MIAMI (CBSMiami) – On Thursday, the Broward County Commission gave the green light to allow the annual Fort Lauderdale International Boat Show to go on despite the coronavirus pandemic.

The five-day exhibit will go on under strict guidelines designed to shield the public from the coronavirus, according to its organizers.

This year’s show will be held at six city venues between Oct. 28 and Nov. 1.
Before county commissioners approved a permit, one county commissioner had an issue with maximum capacity near 29,000 all at once time.

“I think we need to do some reduction,” Broward Commissioner Tim Ryan said.

Organizers said the following about the upcoming show:

“At today’s Broward County Commission meeting, commissioners provided clear direction to County Administrator Betha Henry to approve the show.”

“We have worked diligently to develop a plan so that every person who attends the show can do so with confidence. We are grateful for the support of our elected officials, and our community.”

Organizers have already released a video showing what’s different this year. Like, requiring people to wear a mask, keeping a distance from others along with wider docks, and there will be more than a dozen entrance gates.

“I can assure you with 100% certainty that we will take enforcement action if it needs to be taken,” Fort Lauderdale City Commissioner Chris Lagerbloom said.

Meanwhile, Fort Lauderdale Mayor Dean Trantalis said, “I am extremely pleased that the County Commission gave clear direction today that the Fort Lauderdale International Boat Show can take place as planned next month. It is vital that we get our economy back on track. The upcoming Boat Show is critical to accomplishing that because the show has a major positive economic impact on Fort Lauderdale by supporting local businesses and their employees. Public health will be protected. Fort Lauderdale has been a leader in addressing the COVID-19 pandemic, and we have worked with the Boat Show to put together a solid plan to ensure it will be held with the utmost safety.”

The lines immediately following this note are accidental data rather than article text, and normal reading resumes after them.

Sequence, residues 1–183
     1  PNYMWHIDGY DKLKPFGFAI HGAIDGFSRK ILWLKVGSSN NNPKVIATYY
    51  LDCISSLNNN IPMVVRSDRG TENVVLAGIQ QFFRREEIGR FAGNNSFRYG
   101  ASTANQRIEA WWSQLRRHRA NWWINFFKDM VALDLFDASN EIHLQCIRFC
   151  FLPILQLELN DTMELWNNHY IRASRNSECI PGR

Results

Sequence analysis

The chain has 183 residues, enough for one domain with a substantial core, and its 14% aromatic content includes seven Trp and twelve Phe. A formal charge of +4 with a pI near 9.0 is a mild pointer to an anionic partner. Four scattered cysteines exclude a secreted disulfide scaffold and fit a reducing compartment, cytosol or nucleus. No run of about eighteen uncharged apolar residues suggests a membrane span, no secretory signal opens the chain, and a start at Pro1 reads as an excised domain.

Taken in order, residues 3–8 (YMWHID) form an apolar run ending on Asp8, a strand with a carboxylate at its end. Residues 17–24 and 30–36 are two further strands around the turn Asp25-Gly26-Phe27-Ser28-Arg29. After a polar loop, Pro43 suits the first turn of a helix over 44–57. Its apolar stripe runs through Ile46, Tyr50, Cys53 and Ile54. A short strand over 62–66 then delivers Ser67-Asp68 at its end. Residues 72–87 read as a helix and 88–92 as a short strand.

The city is depending on this event to breathe new life into its struggling tourism industry. The main location is on at the beach at the Bahia Mar Resort and Yachting Center. Managers there say they’ve laid off 100 workers and are hopeful to bring back half for at least three weeks.

“Many, many hotel rooms are supported this. That helps the folks from the bus boy, to the waitress, and all the way down,” Fort Lauderdale Commissioner Ben Sorensen said.

Organizers said that in 2019, the show generated an economic impact of $1.3 billion to the state of Florida and more than 8,000 full-time jobs were associated with the show.

Those attending the show can expect a contactless ticketing system, multiple new entrances (14 total), widened docks to widths up to 30 feet, thermo imaging systems for temperature checks and high-velocity sanitization systems with HEPA filters, organizers said.

As of Thursday, Broward has a two-week average positivity rate at 4.18%. In Miami-Dade, it’s 6.3%. Events, like this one, are true tests for large outdoor gatherings to see if they’ll have an impact on the number of cases.

Social distancing and face coverings will be required by all exhibitors and attendees.

For more information, visit FLIBS.com.

Ty Russell

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